brady
PEXELS

Tom Brady, as every sentient resident of the US probably knows, is widely regarded as the greatest football quarterback of all time.  But even that track record didn’t help him the other day when he decided to rent a Citi Bike in New York City and ride a few blocks, subsequently posting his experience on his widely-followed Twitter account, where the New York Post found it and wrote it up. 

Here’s where he and I shared a common experience.  By his own admission, he hadn’t ridden a bicycle in New York for about fifteen years.  When he went up to the self-operated kiosk to unlock a rental bike, Brady says it took him about ten minutes to figure out how to unlock the thing.

I, too, have recently decided to rent a bike from a self-service kiosk for the first time.  And I, too, had a heck of a time getting it unlocked, though perhaps for different reasons than Brady had.  Beyond this single commonality, I don’t think Brady and I share much else.  But the fact that someone as otherwise physically competent as Tom Brady had that much trouble figuring out how to rent a bike may say something about the systems used. 

Because I naturally have more first-hand knowledge of my experience, I’ll summarise it briefly here.  I still have relatives in Fort Worth, Texas, where I visit occasionally, and last month I was in town staying with my sister and had some extra time on a Saturday afternoon. The last time I’d been in town, I had noticed some bike-rental kiosks on the bank of the Trinity River, where the city has installed jogging and biking trails that follow the river for many miles. So I looked up on the web where you could rent a bike at a location I knew how to access by car, paid online for a one-hour pass (eight bucks), and headed down to the kiosk without any clear knowledge of how they were going to know I paid for it.

Luddite

I should mention at this point that, in contrast to Tom Brady and most other adults in modern civilisation, I do not have a smart phone.  Well, I sort of do, but it’s what you might call brain-damaged.  It’s a flip phone sold by the Caterpillar Tractor people, I suppose on the basis that if there is still any market for rugged flip phones, people in the heavy-equipment industry are liable to be a big part of that. 

I don’t spend a lot of time around heavy equipment, but when my telecomm company forced me to get rid of my old flip phone a few months ago because it would no longer work with their upgraded 5G system, I hunted around and found the one new flip phone out there, and got that.  It’s basically an Android system, but the little screen makes most standard apps either inoperable or impractical, and I haven’t bothered with installing any of them anyway, because that’s not what I want the phone for.  So I can make phone calls, I can text after a fashion, but that’s about it.  And that’s all I want from my flip phone, which I don’t have to worry about dropping on the floor.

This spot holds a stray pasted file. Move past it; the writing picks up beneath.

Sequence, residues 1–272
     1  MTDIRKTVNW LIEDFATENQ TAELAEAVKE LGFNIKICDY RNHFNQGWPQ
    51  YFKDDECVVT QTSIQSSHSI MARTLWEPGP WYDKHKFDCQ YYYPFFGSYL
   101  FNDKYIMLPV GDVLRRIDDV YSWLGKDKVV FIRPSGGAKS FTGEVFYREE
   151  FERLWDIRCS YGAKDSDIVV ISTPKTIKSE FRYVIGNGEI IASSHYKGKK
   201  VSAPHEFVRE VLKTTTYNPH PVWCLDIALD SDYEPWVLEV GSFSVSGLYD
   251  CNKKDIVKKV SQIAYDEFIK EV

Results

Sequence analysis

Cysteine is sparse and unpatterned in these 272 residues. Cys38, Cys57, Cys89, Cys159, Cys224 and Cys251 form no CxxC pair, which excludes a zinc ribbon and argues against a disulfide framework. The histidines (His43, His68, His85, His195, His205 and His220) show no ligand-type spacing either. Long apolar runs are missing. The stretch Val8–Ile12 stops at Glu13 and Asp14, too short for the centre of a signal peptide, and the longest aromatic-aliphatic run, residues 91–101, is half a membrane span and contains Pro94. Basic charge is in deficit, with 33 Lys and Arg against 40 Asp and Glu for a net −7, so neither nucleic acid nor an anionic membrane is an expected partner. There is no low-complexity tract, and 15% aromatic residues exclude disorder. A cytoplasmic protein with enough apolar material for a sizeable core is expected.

Fortunately, the people who designed the bike-rental kiosk had taken into account eccentrics like me who, for whatever reason, chose not to download the rental app on their smartphone.  At the end of the kiosk there was a box with a touchscreen, and a place where I could enter personal details like my phone number.  The idea was, they’d text me a confirmation number to check that it was me, and then when that matched my paid-up account, the system would unlock the bike.

Most of the bikes had electric assist, which wasn’t something I was familiar with, so I picked the one bike on the rack that was just a plain old manual bike, and started to try to rent it. 

At this remove, I don’t recall all the details, but I ran into several problems.

Speed bumps

One was, the surface of the touchscreen was very weathered.  This both made it hard to read in the sunlight, and it also failed to register my touches unless I pounded two or three times in the right place, which wasn’t easy.  So it took the better part of a minute just to enter a four-digit number, what with all the mistakes and not-registering and all.

Eventually, I got through the rigmarole that a non-phone-app-user had to get through, and I heard a click.  I pulled my selected bike out from the rack, only to discover that it had a flat.

So here we went again:  put it back, make sure the machine recognises I finished my world’s record short bike ride, make sure I still had some of my eight dollars’ worth of riding left, and start all over with the phone number entry, the text to my phone, the punching in of the new text code, etc. etc.  This time I grabbed the first bike that didn’t look like it had a flat.  I tried the electric assist but never could get it to do anything.  No matter — I’d come out for the exercise anyway.

The bike ride itself was uneventful, and I made it about halfway to Benbrook before turning around at a point where I would have had to cross the river over a kind of spillway.  The battery made the electric-assist bike a little heavier than it would have been otherwise, but it had three manual gears too, which was all I needed for the gentle rises on the path.

Once Tom Brady finally managed to free a bike, his ride was uneventful too, although as a safety issue I feel compelled to mention that he failed to wear a helmet. (I’d borrowed my sister’s helmet on my ride.)  Imagine the headlines if he’d fallen off:  “All-time-greatest quarterback felled by rough spot on Broadway pavement.” 

Fortunately, neither Brady nor I encountered anything worse on our bike rides than a less-than-friendly user interface.  But we both eventually got our bikes, and I suppose that is some sort of success.

This article has been republished from Engineering Ethics with permission.

Karl D. Stephan received the B. S. in Engineering from the California Institute of Technology in 1976. Following a year of graduate study at Cornell, he received the Master of Engineering degree in 1977...